A low center of gravity can be established by spreading the feet to the length of one’s normal stride, and bending the knees as low as can accommodate comfort and quickness. This strong base affords the batter the fastest possible reaction time for a twisting body to respond to any variation of pitched balls. One of the most prominent features of a low stance is the obvious advantage the batter has with the establishment of a smaller strike zone.
With the low-wide stance, the batter is in an “ultra-stationary” position, from which to view the pitched ball with a minimum of distortion. As a tennis player receiving serve, a catcher receiving a pitch, a shortstop receiving a throw from catcher, and a first baseman receiving low throws from infielders are bent over and down as low as they can, to see the speeding ball on as close to a parallel level to the eyes as possible, so the batter, in a low stance, views the pitched ball with most clarity.
Although Mr. Williams was nearly perfect in his understanding and application of the principles governing the absolute definition of batting prominence, he was not altogether unflawed in his actual approach to an impeccable demonstration. The closest exponent of the perfect batting technique was Barry Bonds, who, in obvious ways, superseded the brilliance that Ted Williams embodied.
Barry Bonds was capable of hitting 100 home runs and batting .400 or more, because he was closer to flawless technique than anyone who has ever played the game. His strength was incontestable, his athletic ability was indisputable, his timing was nearly impeccable, and his stance, approach to the ball, and fluid mechanics were incomparable. In the few areas in which Ted Williams appeared lacking, Mr. Bonds was pronouncedly adept (especially in his adaptability to strike at the low pitch, and hitting the ball with power to the opposite field).
- He established a strong low center of gravity while waiting for the ball.
- He greatly diminished the movement of his head and eyes.
- He waited patiently for the ball to get to him while he quietly lowered his hands to begin an unobtrusive rhythm of his arms.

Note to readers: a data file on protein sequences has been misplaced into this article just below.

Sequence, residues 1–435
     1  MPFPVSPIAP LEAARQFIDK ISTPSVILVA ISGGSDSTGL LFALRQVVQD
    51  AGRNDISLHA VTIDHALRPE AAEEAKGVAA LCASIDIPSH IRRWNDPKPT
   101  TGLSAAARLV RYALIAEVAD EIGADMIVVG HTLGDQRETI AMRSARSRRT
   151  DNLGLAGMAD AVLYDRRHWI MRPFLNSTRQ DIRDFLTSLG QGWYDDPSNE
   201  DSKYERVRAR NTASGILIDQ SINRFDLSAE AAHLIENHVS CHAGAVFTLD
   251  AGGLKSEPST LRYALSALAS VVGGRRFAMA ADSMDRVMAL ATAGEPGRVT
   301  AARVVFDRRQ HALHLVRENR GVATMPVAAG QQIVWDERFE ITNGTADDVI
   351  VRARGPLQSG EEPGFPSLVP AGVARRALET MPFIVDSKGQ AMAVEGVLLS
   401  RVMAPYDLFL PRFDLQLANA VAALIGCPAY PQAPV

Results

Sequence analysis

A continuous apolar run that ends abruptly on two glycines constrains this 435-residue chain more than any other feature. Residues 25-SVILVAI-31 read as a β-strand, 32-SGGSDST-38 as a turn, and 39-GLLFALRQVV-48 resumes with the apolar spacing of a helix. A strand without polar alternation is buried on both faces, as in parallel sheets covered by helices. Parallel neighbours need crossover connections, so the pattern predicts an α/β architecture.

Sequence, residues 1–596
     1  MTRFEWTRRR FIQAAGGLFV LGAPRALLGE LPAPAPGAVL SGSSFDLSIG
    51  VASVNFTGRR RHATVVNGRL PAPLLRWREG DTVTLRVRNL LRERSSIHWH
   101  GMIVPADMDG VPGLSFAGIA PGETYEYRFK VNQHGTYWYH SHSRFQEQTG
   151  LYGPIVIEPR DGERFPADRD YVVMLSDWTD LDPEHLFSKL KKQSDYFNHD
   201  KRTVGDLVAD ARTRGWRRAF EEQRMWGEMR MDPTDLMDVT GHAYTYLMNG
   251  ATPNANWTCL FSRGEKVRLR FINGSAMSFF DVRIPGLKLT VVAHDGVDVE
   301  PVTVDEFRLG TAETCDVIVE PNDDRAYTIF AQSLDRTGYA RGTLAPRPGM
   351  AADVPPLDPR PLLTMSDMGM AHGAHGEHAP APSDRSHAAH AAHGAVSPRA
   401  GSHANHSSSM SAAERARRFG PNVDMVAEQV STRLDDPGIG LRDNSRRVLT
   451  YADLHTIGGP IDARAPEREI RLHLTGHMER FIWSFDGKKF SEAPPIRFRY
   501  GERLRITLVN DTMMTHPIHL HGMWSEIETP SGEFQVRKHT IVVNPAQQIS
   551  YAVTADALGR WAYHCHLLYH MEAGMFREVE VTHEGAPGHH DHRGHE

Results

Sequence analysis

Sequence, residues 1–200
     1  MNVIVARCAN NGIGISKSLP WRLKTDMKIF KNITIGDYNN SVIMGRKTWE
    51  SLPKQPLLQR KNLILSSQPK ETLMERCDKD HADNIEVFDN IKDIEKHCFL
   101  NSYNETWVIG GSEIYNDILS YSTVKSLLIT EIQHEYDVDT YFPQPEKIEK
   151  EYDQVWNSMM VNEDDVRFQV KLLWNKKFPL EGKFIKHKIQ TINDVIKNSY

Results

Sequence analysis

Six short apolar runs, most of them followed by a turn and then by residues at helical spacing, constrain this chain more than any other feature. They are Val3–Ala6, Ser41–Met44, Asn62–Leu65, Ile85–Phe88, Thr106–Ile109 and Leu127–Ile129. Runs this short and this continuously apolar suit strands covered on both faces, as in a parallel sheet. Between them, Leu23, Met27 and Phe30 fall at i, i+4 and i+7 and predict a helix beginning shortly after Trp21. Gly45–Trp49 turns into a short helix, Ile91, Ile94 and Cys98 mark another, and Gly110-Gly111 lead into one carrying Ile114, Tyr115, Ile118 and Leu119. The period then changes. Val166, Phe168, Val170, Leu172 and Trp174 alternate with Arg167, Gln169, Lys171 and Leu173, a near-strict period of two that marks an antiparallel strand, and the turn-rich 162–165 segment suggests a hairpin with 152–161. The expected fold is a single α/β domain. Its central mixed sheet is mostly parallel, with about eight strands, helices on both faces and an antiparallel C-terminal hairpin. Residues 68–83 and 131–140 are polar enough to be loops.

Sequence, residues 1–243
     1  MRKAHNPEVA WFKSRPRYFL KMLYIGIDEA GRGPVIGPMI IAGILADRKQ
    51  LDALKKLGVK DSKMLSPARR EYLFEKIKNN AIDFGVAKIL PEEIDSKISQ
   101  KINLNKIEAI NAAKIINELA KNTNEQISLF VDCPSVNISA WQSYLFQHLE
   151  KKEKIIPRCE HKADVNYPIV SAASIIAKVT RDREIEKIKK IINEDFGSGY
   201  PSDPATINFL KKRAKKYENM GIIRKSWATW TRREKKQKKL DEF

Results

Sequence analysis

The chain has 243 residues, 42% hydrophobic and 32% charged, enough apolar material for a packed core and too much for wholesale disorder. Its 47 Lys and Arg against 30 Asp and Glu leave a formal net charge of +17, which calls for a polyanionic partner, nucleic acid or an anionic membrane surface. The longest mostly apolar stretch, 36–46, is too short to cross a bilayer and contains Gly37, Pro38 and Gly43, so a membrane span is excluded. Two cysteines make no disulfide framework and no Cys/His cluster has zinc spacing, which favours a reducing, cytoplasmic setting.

- When the ball got to his hitting zone, 4 things happened simultaneously:
a. The front foot planted quickly and firmly—front leg straightened
- Front shoulder shrugged upward, while back shoulder and elbow drove downward (hands, while staying behind back shoulder, present a flat bat as the body was turning to address the pitched ball).
- Back bent knee drove forward and down, as hips turned rapidly
- The shoulders followed the hips in rapid succession with arms extending through the contact of the ball.
- From contact, through the straightening of arms, through the follow through, the shoulders were continuously flowing, until they (shoulders) had changed position (back to front and vice-versa).
If ever there was an “ideal” to emulate as advised by Aristotle’s Nichomachian Ethics, and to form a generic “designation” for a universal application for batting a baseball, it would have to be Barry Bonds. Consistency of batting effectiveness (efficiency in striking a baseball) had never been more highly demonstrated than by Barry Bonds, in the 2001season, as well as in 2002—2004. Throughout his Major League career, accolades were heaped upon him for what seemed like a remarkable consistency for slugging the ball better than anyone else, at least in the 1990s.
It was neither strength, nor natural ability, which allowed Barry to stand out as the greatest exponent of Batting Excellence the Baseball World had ever seen. It was his masterful application of the basic fundamentals of Principle that afforded him the facility to near impeccable demonstration. He was the only hitter who came to the plate, and looked as though he should get a hit every time he swung the bat. I’m sure that even Shakespeare would exclaim, “O thou, Faithful Consistency, but by any other name, thou art Barry Bonds.” – And Einstein would concur!
Coming Soon: Is a Team Equal, or Greater, than the Sum of Its Parts? Part 1 of 3